For Adam Wasserman, blue books symbolize nothing but dread. On the third day of the grueling exam, the daisy wheel jammed.“I totally freaked,” Wasserman said.
Wasserman is dyslexic and has long struggled with reading and writing. He took to computers at 18 and made it through Hofstra University and Hastings Law School by persuading his professors to let him take exams on a computer. He got partial credit for half of the essay he managed to yank out of the machine.
They’re being replaced, of course, by the floppy disk.
Students at more than 100 universities--mostly those in law school--can now use their laptop computers to take midterm and final exams.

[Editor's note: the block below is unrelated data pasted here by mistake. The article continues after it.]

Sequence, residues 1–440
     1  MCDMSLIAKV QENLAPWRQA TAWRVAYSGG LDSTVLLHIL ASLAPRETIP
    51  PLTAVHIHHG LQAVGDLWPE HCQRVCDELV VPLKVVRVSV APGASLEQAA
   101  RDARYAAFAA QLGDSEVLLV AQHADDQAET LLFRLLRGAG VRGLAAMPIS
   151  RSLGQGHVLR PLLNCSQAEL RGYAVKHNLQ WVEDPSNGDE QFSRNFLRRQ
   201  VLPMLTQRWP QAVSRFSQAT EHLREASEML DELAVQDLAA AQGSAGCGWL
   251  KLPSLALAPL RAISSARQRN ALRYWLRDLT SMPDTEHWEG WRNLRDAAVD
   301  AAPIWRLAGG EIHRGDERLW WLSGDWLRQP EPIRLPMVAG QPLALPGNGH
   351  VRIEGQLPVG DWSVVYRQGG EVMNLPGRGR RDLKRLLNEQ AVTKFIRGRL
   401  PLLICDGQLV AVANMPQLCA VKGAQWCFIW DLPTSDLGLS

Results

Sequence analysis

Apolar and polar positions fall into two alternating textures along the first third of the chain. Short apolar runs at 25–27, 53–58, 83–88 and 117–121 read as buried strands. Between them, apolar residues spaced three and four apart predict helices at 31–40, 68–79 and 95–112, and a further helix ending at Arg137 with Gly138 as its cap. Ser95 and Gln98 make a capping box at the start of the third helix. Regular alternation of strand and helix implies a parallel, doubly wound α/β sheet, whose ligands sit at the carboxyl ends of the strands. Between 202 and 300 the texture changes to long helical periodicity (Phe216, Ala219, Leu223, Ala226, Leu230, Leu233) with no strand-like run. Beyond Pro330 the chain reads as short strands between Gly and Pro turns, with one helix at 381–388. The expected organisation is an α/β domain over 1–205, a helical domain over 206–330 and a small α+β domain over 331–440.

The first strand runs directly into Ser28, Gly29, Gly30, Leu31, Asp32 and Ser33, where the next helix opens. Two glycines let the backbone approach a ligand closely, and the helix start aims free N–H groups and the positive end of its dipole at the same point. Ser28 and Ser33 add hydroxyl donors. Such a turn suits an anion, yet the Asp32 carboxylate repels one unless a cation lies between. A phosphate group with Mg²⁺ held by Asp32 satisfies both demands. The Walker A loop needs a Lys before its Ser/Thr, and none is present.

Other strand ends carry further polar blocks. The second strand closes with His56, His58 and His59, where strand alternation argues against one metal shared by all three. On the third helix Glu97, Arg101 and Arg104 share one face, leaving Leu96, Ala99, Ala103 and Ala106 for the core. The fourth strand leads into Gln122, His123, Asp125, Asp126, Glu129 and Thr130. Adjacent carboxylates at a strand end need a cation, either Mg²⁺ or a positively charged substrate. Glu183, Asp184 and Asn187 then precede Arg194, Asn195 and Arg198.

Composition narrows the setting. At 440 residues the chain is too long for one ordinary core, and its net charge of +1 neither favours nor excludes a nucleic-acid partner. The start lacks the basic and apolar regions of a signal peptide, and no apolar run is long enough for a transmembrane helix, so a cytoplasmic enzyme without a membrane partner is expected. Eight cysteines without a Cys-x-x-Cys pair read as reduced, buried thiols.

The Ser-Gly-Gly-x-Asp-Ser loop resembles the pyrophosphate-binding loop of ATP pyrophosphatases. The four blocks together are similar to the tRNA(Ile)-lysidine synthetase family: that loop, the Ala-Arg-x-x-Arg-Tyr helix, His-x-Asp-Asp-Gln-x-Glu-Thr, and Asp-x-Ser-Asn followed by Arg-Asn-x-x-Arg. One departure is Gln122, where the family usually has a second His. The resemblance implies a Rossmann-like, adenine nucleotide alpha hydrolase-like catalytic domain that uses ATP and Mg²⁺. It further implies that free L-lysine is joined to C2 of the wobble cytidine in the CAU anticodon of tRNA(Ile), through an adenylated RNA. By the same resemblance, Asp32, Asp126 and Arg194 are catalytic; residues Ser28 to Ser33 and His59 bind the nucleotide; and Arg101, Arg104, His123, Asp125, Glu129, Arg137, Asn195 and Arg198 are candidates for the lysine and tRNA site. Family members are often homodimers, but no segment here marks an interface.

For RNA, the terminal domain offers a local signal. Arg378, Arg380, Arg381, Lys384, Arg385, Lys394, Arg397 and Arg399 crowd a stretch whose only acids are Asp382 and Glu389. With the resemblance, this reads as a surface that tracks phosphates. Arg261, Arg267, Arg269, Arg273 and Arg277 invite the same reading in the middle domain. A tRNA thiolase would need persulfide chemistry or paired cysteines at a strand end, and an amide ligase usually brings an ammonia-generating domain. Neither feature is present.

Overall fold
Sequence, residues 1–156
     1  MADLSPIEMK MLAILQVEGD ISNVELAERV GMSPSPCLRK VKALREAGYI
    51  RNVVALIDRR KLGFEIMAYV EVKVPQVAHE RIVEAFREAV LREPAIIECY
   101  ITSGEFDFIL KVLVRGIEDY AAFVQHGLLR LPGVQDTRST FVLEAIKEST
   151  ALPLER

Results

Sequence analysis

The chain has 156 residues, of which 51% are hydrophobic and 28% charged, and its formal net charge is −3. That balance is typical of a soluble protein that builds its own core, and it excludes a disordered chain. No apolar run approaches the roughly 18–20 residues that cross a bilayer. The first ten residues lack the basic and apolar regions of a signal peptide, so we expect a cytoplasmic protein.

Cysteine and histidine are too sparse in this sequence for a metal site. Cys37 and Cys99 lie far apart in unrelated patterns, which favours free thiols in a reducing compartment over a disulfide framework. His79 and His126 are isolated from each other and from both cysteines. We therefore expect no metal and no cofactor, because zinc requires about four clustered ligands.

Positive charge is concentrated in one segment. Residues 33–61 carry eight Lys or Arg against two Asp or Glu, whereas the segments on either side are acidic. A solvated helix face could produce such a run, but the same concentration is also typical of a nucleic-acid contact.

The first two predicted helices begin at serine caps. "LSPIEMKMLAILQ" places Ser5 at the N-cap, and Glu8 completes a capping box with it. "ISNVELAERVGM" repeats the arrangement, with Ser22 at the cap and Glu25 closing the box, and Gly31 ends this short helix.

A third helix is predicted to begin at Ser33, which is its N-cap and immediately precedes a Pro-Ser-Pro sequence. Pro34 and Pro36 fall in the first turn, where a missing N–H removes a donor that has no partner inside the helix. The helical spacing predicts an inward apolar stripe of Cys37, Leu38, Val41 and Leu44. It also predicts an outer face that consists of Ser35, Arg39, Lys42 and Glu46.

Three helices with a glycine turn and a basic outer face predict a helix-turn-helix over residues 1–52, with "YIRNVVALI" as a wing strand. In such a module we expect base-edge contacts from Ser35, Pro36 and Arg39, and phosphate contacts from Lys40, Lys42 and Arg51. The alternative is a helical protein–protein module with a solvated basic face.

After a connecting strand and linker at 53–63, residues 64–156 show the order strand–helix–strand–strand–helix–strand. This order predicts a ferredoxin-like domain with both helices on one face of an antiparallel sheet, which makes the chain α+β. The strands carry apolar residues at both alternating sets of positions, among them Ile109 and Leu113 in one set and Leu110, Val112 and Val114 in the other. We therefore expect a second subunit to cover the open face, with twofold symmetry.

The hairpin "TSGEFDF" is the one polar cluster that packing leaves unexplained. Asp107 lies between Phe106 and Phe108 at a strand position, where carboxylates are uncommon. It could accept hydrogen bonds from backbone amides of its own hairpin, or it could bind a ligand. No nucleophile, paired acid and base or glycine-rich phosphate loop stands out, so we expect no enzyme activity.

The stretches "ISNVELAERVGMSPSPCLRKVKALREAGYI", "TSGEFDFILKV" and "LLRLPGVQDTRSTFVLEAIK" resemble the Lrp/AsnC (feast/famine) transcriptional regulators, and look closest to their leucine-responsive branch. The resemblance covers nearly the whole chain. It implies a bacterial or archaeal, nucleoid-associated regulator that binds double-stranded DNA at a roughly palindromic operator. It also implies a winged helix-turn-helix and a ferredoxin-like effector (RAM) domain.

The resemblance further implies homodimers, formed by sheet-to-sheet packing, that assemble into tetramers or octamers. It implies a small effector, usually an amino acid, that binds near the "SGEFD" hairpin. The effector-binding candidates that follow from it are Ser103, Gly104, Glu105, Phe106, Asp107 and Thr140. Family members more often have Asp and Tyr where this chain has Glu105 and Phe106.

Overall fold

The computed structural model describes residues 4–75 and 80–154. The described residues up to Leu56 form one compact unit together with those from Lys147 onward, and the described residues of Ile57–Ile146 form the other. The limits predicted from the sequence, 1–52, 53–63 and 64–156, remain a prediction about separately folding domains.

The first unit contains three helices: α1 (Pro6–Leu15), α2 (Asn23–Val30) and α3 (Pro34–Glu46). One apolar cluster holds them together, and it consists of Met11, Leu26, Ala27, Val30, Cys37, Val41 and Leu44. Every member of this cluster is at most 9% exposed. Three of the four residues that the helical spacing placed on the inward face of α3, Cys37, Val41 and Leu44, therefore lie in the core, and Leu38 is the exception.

And, as Lucey notes, “They still have blue covers on 99% of them.”Blue books have inspired angst, jitters and even campus lore, which isn’t surprising given what it takes to fill them: a semester’s worth of knowledge that will probably determine a final grade.
There’s the story of the tough classics professor at Brown who had a soft spot for intercollegiate hockey.
Varsity squad members were advised to draw a pair of crossed hockey sticks on the cover of their blue books if they wanted a sure-fire A.
And there’s the urban legend about the clever cheat who shows up for the final with two blue books.
You spent hours hunched over them, furiously scribbling answers to essay questions.
As the clock wound down, you bore down so hard the pen left a dent in your finger. Well, those exam booklets, after torturing college students with writer’s cramp for almost 150 years, may finally be on the way out.